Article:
'House of Wax': Come On In, The Horror's Fine

Elisha Cuthbert is in there swinging as Brian Van Holt pursues her in a remake that becomes a throwback.
Elisha Cuthbert is in there swinging as Brian Van Holt pursues her in a remake that becomes a throwback. (Ho - Reuters)
By Stephen Hunter
Washington Post Staff Writer
Friday, May 6, 2005

More evidence that Western Civilization Is Near Death: At a certain point in "House of Wax," Paris Hilton catches what appears to be four feet of sharpened spear through the front of her skull. She backs off a few feet with the unwelcome protrusion extending before her, then topples to her knees, falling forward, driving the shaft through more brain matter. The skull itself cracks.

The audience cheers wildly.

But that's not the scary part.

The scary part was the elderly gentleman sitting in the seat behind the guy in front of me: He cheered, too. I think he sorta kinda liked it.

That's "House of Wax," one of those guilty pleasures that result from creativity on the part of people who should have gotten adult supervision at a young age. They didn't, and went on to make profane, even blasphemous, treats like this one.

Bearing almost no relationship to Andre De Toth's 3-D hit of 1953 (one of the leading moneymakers of its year and the film that turned character actor Vincent Price into a leading man of the horrors), the movie begins too slowly as another lame variation on Every Other Horror Movie.

It's like a film appreciation course in trash: Hmmm, there's the fast-kids-must-die bit from "Halloween," the deranged guy with black teeth in the pickup from "Texas Chainsaw Massacre," the lost-in-the-woods-with-a-vid-camera thang from "Blair Witch Project," even at one point the mummified-ma shtick from "Psycho," and so forth and so on.

We watch, without much interest, as several kids (Hilton among them, but not paramount; her lack of lines seals her fate as designated First Chick to Die) go road-tripping together too fast, too soon to a football game in Baton Rouge, then are detoured into the Louisiana swamps and settle in for some necking, beer drinking and all that other stuff kids do these days.

But that smell?

And what about the cretin with the blackened teeth and the dead deer in his pickup and the bloody knife and the slightly crazed way of talking?

Then the fan belt on one of the vehicles of their two-car convoy is mysteriously snipped.

Naturally the kids split up, because, after all, this is a horror movie. One couple -- star Elisha Cuthbert and her disposable boyfriend, Jared Padalecki -- set off through the swamp with a rural chap who represents himself as a helpful sort. The rest (Hilton, boyfriend Robert Ri'chard, nice guy Jon Abrahams and Cuthbert's brother in the story, played by an over-Nautilused but intense Chad Michael Murray) jump into their own truck and head to the game, which they give up on because of traffic. (They didn't know there'd be traffic at an LSU football game?) Thus they come back, looking for the Cuthbert and Padalecki characters, who have meanwhile found their way to a small town called Ambrose. At this point, I'm thinking, "Is it so awful because it's derivative or is it so derivative because it's awful?"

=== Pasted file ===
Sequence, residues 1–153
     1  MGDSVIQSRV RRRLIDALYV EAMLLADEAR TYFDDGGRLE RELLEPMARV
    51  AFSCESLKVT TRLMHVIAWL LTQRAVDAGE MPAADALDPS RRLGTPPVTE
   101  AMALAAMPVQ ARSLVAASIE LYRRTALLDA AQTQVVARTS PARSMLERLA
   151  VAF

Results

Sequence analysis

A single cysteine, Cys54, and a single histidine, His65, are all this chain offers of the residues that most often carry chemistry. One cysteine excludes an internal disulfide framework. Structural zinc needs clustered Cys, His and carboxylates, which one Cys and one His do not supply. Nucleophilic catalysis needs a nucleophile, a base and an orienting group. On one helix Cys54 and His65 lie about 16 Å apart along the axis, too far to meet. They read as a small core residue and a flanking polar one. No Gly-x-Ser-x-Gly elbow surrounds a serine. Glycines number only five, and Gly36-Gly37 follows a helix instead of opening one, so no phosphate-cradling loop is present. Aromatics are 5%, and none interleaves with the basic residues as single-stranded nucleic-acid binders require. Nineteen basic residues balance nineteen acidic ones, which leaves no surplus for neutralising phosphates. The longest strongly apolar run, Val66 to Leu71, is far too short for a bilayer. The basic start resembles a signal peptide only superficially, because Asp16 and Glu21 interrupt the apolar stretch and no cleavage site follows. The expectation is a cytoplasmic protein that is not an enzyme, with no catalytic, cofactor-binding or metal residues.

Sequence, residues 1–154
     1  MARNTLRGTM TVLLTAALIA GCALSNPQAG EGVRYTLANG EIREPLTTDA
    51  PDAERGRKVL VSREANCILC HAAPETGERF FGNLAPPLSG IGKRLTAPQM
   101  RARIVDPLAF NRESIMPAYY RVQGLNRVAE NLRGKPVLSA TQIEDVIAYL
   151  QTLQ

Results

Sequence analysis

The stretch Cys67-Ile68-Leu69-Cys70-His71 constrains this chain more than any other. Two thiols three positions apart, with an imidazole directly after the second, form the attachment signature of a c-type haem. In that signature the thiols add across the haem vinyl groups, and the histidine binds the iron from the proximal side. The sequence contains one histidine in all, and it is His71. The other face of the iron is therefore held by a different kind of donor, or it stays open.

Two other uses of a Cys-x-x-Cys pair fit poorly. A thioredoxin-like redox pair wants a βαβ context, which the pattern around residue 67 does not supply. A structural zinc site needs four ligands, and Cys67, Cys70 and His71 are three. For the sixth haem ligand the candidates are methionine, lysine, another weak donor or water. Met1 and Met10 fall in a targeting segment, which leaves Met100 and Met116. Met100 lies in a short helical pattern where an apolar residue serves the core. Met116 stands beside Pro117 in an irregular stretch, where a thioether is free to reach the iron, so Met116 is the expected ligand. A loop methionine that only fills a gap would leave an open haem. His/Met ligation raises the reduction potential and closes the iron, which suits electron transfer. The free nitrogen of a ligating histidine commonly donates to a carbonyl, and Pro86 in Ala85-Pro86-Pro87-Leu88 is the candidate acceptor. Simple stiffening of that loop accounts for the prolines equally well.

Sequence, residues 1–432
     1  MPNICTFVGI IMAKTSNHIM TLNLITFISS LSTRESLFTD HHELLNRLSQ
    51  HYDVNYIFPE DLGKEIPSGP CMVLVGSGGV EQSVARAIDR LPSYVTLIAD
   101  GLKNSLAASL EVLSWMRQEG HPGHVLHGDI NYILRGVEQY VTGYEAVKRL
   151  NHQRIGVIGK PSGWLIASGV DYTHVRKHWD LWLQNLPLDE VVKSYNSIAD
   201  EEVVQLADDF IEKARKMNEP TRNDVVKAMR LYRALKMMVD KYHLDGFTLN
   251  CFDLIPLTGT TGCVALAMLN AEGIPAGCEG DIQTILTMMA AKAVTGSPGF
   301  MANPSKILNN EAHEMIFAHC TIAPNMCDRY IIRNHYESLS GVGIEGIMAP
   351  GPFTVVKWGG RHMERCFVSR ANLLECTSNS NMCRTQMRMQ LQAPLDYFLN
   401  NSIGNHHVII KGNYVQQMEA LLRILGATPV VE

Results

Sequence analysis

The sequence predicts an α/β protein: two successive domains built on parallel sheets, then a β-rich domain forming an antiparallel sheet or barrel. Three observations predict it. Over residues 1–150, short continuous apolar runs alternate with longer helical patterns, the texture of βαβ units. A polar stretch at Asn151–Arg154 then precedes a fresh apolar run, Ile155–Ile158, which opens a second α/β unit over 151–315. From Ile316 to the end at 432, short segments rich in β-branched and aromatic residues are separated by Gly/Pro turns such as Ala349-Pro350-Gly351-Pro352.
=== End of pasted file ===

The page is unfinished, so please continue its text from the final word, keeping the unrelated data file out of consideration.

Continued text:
But here the movie cranks weirdly into poisoned genius. Ambrose is -- well, you can't give too much away here without setting off an e-mail tidal wave -- more than just a house of wax. Let's put it this way: Its occupants include two brothers with an unusual backstory and a formerly intense interpersonal relationship. They have gathered about them many folks in a desperate desire to restore the world to their sense of order, a golden age from long ago in which the happy inhabitants of Ambrose celebrate good ol' small-town normalcy and their mama's very fine wax museum.

The movie opens up into a grotesque tapestry, a scene from somebody's imagination of a waxy hell. I like a director who dreams big, and ex-video guy Jaume Serra -- his first feature -- has an imagination as broad and twisted as the mighty Mississip. The wax museum -- it looks weirdly as if it were designed by Frank Lloyd Wright, who after all designed a building in Racine, Wis., for that fine old firm Johnson Wax -- is a mighty art moderne structure, all streamline and glass block, above a cellar full of frightening technologies. We are in a wax-normative world, and sooner rather than later young people start perishing to provide structure for some of the exhibits.

I should be honest and acknowledge one truth: I like this movie a little bit because they still kill the old way. In recent years, in search of big bucks, a number of horror movies have been produced as hard but nevertheless permissible PG-13s, to bring in a younger cash customer. When you see that, you know there's a certain line the movie won't cross; it lessens the upfront apprehension, which after all is the point of the horror movie, no? (It's certainly not to encourage better citizenship.)

This movie gives it to you, as no movie has in some years. Okay, if that's not your part of the swamp, don't go into it. You know in advance it's R-rated horror, with all kinds of skewerings and slashings. But some people -- roughly 40 million under the age of 25, and the 40,000,001st, that is, er, me -- sorta kinda like this sort of thing.

House of Wax (110 minutes, at area theaters) is rated R for intense gore and crude sexual innuendo.

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